By Christopher Brown AM, Chair WSLD
Published Australian Financial Review
22 October 2015
In the 1980’s, then-Treasurer Paul Keating famously said that “every mug in the pub is talking about micro economic reform” while few really knew what it meant.
A modern day equivalent of a little known economic concept which everyone seems to be talking about is “value-capture”, where the private sector contributes to the costs of public infrastructure. It was kicked along this week when the Federal Government announced that its ambitious Victorian major projects agenda would feature this unique funding mechanism. It is also a cornerstone of Bill Shorten’s Infrastructure Australia reform package.
Value capture goes by different names in different jurisdictions. American State governments are pioneers and use the term ‘tax increment financing’ while their municipal counterparts prefer ‘impact fees’.
Former NSW Treasurer, Andrew Constance has been a local champion of a shift in infrastructure financing policy. He broke down his former agency’s 50 year obsession against ‘hypothecation’, allowing State developer levies to be quarantined for use in specific projects, and not dumped into Treasury’s consolidated revenue.
He is now the State’s Transport Minister and is promoting the scheme to fund his own projects, but the politically-savvy Constance prefers the softer descriptive term of ‘value-sharing’. Meanwhile, Labor’s Federal infrastructure spokesman, and urban transport advocate, Anthony Albanese is a fan of ‘value uplift’.
Of course, while Federal and State Governments in Australia are recent converts to this partnership approach, local councils have been doing it for years under the banner of ‘Section 94 contributions’. Other community projects have utilised ‘voluntary planning agreements’ to fund development.
Despite the disparity in names and models, the concept is a sound one. Essentially, developers (and their eventual customers) share the benefit of increased land values and densities that flow from the provision of rail lines past their planned apartment block, from raised dam walls that allow flood-prone property rezonings or from new power stations that make factories more productive.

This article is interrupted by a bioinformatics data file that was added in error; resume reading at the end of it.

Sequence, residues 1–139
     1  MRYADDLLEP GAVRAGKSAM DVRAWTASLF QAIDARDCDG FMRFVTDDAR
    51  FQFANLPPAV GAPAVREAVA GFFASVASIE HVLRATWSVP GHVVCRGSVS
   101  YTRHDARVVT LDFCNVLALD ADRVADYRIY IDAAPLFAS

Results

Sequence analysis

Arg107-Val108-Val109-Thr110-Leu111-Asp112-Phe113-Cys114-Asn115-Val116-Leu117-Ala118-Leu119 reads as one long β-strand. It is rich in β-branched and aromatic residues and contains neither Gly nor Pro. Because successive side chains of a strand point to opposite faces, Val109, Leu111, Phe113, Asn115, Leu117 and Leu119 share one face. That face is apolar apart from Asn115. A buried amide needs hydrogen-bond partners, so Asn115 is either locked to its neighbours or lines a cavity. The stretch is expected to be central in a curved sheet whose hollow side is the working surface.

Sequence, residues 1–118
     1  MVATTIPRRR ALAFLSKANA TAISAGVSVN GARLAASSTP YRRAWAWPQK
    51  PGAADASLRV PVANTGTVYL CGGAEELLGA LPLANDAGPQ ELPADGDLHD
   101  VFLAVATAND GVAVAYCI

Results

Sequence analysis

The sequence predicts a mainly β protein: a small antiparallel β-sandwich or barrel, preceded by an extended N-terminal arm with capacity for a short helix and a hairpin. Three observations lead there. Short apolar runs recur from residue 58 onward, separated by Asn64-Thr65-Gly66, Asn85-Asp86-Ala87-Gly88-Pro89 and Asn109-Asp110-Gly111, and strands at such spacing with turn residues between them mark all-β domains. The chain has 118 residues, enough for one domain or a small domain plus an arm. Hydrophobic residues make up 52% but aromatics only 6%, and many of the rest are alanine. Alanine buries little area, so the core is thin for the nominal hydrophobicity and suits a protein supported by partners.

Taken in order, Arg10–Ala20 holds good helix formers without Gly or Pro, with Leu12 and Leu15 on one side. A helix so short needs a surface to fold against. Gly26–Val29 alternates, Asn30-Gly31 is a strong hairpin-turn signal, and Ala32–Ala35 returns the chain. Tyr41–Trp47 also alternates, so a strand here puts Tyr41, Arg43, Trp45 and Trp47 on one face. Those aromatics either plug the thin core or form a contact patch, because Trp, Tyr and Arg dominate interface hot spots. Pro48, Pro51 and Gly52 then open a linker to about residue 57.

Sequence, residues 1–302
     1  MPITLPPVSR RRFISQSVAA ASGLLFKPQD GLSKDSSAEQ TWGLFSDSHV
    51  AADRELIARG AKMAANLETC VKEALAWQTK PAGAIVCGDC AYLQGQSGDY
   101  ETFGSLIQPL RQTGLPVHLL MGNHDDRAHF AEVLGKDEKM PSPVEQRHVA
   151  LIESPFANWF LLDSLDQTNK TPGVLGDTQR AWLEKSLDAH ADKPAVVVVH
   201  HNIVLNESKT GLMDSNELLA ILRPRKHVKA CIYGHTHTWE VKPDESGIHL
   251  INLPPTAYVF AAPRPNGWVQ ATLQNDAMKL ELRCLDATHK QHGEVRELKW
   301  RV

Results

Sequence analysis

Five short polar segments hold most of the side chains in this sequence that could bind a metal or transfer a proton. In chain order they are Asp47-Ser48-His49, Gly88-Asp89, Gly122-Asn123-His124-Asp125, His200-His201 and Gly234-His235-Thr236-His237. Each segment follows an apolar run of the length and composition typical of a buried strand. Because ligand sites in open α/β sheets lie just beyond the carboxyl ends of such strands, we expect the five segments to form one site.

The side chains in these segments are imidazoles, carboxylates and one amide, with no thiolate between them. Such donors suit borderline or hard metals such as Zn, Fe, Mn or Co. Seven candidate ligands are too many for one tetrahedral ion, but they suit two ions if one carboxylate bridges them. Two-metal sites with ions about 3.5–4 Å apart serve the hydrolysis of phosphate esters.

Capturing and taxing the increased value of private land that follows the provision of new infrastructure is the best chance that cash-strapped governments and rapacious communities have in financing the backlog of infrastructure this country demands.
Now that cities are back in national political vogue it is more important consideration. Using Sydney as an example, there are two major growth precincts where economic, social and environmental potential will only be fully realised if value capture is employed.
The enterprise zone outside Badgerys Creek Airport is a huge tract of undeveloped land that requires high speed Metro Rail to link it to the boom city of Liverpool and the Sydney CBD. The value uplift that would flow to local landowners (including the Federal Government itself) in this ‘aerotropolis’ as a result of new transport links should be shared with the taxpayers that fund those same links.
The Olympic Corridor between Strathfield and Parramatta is currently the subject of intense government review about a light rail route through its core, which would justify a huge increase in residential, commercial and retail density - adding and extra 70,000 residents and support 100,000 jobs to the local area.
This potential windfall to local developers was quantified in a recent Deloitte report for the WestLine Partnership landowner consortium. It calculated that local rezonings and developer levies could generate $3 billion to help defray the cost of rail lines and remediation of the old industrial sites.
On the surface the Olympic Corridor light rail project is a win-win-win for government, the private sector and local communities, but as with other projects, questions remain as to how an equitable value-sharing model can be developed.
Will levies be a once-off tax at sale time to cover the cost of development of the rail lines and dam walls, or would the private sector also be up for the cost of remediation and ongoing maintenance? Would tenants or landlords benefiting from public transport projects be charged an annual levy to subsidise the fare box and operational costs?
There is also the issue of retrospectivity so existing residents don’t get an invoice for the new tram that now runs past your front door. Equity demands that all new infrastructure attracts a value capture model and not only those built in safe seats.
If governments want to ensure private sector and community acceptance of this novel taxation scheme then they need to prove the infrastructure has gone through a rigorous planning regime and that those footing the bill will have some say in the way in which their money is spent by contractors and public servants.
Done properly, value capture is the magic bullet that might allow us to build the economic and social infrastructure we need for a sustainable path forward – but we need the safeguards to make such a taxation revolution sustainable.